While watching the thorough making-of featurette on this DVD, we're bowled over to realize that in 1935 Captain Blood was a big gamble for Warner Brothers because its cast featured no household names. After all, this swaggering costume adventure yarn (from Rafael Sabatini's popular novel of 17th-century pirates on the high seas) prevails as the very model of classic Hollywood star power. It catapulted to overnight superstardom 26-year-old Errol Flynn, an unknown Australian bit player whose athletic good looks and inviting devil-may-care charm as the gentleman corsair put the buck in swashbuckling for years to come. Nowadays, after seventy years, Flynn still possesses the dash to win us over with a grin while ordering "me lads" thusly: "Up the riggings, you monkeys! Break out those sails and watch them fill with the wind that's carrying us all to freedom!" Somehow there's no tongue in anyone's cheek when he tallyhos, "Alright, my hearties, follow me!" and swings like Tarzan to board an enemy privateer through blazing cannons and sword battles. He does cut a ravishingly handsome figure in his long pirate coat and broad-brimmed feathered hat, or holding a spyglass to his eye from the deck of his stolen pirate ship.
Another newcomer here is 19-year-old Olivia de Havilland as the spirited noblewoman who enchants the captain's heart. Her only previous noteworthy screen appearance was earlier that year in the lavish box-office disappointment, A Midsummer Night's Dream, so we tend to note Captain Blood as her career-making debut as well as the first of eight films she and Flynn made together.
England, 1685. Flynn is Dr. Peter Blood, a kindly Irish physician who's more concerned with his geraniums than with the rebel Monmouth uprising clashing through the countryside. But when he mouths off to the wrong representative of tyrannical King James II, a drumhead court finds him guilty of high treason, sentences him to slavery, and ships him off to His Majesty's colonies in the West Indies. Bad move. Years ago, Blood was an international adventurer, fighter, and seaman before he "hung up the sword and picked up the lancet." He's sold to beautiful and feisty Arabella Bishop (de Havilland), niece of a cruel plantation owner (Lionel Atwill). Taking a fancy to her handsome property, she elevates him from floggings and the brutal toil in the sulfur mines to be the doctor attending Jamaica's frivolous English governor. Armed only with his cunning, he engineers an escape, saving a band of fellow slaves who are just the loyal and true men he needs to commandeer a Spanish pirate ship and launch a new career in noble-hearted buccaneering across the Caribbean. And that's just the first hour.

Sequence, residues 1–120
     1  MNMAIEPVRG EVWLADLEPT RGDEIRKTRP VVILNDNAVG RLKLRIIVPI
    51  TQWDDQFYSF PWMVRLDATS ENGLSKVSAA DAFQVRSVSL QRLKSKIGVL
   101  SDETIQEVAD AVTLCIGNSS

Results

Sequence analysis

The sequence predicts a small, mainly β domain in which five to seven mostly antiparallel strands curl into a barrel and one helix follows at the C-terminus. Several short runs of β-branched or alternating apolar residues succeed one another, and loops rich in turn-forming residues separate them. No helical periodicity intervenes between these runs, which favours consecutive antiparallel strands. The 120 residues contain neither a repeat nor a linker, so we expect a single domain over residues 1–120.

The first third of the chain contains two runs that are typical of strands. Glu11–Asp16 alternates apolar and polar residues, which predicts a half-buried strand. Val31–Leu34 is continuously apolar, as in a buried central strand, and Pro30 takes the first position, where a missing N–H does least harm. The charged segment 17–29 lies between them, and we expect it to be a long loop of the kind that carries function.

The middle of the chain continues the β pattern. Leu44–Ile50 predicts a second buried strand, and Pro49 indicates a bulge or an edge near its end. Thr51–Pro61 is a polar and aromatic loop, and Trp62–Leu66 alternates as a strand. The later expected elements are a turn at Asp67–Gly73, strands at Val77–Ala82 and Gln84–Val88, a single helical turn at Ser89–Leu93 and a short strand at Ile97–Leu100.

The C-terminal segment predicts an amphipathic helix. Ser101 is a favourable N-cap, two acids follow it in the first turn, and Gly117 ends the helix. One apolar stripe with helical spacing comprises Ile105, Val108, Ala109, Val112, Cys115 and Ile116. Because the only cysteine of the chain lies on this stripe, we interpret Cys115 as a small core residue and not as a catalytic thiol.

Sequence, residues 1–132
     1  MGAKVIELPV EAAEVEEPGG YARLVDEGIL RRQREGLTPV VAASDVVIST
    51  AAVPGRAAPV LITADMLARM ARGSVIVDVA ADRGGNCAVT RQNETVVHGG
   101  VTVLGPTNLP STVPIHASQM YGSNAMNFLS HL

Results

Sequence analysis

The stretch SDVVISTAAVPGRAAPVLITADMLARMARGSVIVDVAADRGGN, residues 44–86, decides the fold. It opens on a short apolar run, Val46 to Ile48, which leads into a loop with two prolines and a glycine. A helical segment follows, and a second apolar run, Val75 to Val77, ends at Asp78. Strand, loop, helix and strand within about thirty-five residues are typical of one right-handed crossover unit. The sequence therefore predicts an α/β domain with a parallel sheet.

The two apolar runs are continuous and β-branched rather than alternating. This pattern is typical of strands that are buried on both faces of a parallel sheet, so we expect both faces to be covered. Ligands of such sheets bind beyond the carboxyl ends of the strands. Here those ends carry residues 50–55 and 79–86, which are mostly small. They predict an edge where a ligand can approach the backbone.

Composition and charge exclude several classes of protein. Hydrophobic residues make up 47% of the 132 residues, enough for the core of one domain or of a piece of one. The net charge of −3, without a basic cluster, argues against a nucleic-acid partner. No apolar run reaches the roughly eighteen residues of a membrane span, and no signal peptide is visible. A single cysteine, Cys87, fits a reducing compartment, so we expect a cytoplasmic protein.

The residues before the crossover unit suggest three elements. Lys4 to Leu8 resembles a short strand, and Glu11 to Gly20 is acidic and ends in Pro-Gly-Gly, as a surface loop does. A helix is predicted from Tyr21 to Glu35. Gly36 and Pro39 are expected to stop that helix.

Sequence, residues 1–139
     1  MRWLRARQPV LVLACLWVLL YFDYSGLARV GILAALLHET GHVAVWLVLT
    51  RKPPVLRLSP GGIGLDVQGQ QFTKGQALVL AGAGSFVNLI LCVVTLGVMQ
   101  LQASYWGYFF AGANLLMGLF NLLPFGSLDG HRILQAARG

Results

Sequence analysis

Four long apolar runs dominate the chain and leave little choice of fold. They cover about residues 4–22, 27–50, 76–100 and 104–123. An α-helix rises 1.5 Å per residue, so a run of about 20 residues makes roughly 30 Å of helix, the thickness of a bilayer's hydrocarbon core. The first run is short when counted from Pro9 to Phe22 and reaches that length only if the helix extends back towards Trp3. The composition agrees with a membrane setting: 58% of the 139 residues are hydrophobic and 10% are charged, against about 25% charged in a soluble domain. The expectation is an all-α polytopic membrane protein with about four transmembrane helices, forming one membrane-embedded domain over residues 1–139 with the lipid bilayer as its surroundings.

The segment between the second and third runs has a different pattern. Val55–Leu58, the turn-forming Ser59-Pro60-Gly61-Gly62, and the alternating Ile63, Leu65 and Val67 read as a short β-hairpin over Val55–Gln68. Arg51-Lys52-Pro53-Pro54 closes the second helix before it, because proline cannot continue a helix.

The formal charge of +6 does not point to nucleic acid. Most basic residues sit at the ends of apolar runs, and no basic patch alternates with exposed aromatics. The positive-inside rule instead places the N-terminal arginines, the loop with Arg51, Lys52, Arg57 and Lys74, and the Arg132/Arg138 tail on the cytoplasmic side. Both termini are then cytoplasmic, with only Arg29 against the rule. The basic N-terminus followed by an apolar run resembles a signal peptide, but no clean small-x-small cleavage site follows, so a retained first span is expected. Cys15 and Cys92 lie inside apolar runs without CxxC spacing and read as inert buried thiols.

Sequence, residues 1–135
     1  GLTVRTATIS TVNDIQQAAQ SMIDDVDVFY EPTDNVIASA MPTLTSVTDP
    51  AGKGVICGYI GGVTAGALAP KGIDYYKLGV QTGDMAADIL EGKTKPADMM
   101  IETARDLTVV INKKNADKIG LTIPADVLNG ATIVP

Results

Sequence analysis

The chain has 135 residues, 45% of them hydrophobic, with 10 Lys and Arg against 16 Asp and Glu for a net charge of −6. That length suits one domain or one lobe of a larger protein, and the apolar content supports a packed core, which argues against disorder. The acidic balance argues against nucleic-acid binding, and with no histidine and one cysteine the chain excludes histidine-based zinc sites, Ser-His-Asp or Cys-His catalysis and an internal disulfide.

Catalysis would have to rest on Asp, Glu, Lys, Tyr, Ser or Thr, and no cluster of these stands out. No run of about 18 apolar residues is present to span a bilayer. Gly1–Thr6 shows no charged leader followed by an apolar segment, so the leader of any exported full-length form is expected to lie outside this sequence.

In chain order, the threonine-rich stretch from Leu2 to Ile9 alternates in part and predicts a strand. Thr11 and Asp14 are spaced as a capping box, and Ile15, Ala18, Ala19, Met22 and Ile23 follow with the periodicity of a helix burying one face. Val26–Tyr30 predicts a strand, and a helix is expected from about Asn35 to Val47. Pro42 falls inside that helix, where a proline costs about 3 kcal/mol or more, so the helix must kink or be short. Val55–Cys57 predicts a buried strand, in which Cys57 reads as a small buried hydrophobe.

Who better to come between Blood and Arabella than the archetypal Hollywood bad guy, Basil Rathbone? He plays Capt. Levasseur, the French freebooter who joins Blood in a partnership that, of course, goes sour when Levasseur's villainous nature emerges after he captures Arabella. Flynn and Rathbone's first screen sword duel (on an island shore played by Laguna Beach) is a vigorous rehearsal for their rematch in The Adventures of Robin Hood.
As fates and stations both individual and political from Blood and Arabella all the way up to the King himself get turned upside down, it's up to Blood and his crew to fight for England and honor. If that means a broadside battle in an exotic seaport, followed by the wicked deposed and virtue rewarded, so much the better.